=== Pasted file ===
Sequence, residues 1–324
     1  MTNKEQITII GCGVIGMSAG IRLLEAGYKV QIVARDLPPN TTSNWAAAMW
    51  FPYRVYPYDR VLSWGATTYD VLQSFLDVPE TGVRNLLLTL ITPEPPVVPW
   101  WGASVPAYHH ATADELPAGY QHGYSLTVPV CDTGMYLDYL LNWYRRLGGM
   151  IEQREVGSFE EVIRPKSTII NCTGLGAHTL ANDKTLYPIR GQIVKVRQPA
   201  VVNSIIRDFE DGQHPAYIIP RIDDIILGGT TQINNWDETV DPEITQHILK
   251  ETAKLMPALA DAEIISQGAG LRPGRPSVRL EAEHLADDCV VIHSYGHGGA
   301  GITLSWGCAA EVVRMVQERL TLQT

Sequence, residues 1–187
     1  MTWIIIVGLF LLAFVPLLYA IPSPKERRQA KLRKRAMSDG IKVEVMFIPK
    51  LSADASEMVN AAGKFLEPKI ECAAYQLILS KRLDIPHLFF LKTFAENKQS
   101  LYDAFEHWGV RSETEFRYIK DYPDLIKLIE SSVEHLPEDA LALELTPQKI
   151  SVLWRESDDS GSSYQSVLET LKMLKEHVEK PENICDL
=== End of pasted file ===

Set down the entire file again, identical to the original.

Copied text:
Sequence, residues 1–324
     1  MTNKEQITII GCGVIGMSAG IRLLEAGYKV QIVARDLPPN TTSNWAAAMW
    51  FPYRVYPYDR VLSWGATTYD VLQSFLDVPE TGVRNLLLTL ITPEPPVVPW
   101  WGASVPAYHH ATADELPAGY QHGYSLTVPV CDTGMYLDYL LNWYRRLGGM
   151  IEQREVGSFE EVIRPKSTII NCTGLGAHTL ANDKTLYPIR GQIVKVRQPA
   201  VVNSIIRDFE DGQHPAYIIP RIDDIILGGT TQINNWDETV DPEITQHILK
   251  ETAKLMPALA DAEIISQGAG LRPGRPSVRL EAEHLADDCV VIHSYGHGGA
   301  GITLSWGCAA EVVRMVQERL TLQT

Sequence, residues 1–187
     1  MTWIIIVGLF LLAFVPLLYA IPSPKERRQA KLRKRAMSDG IKVEVMFIPK
    51  LSADASEMVN AAGKFLEPKI ECAAYQLILS KRLDIPHLFF LKTFAENKQS
   101  LYDAFEHWGV RSETEFRYIK DYPDLIKLIE SSVEHLPEDA LALELTPQKI
   151  SVLWRESDDS GSSYQSVLET LKMLKEHVEK PENICDL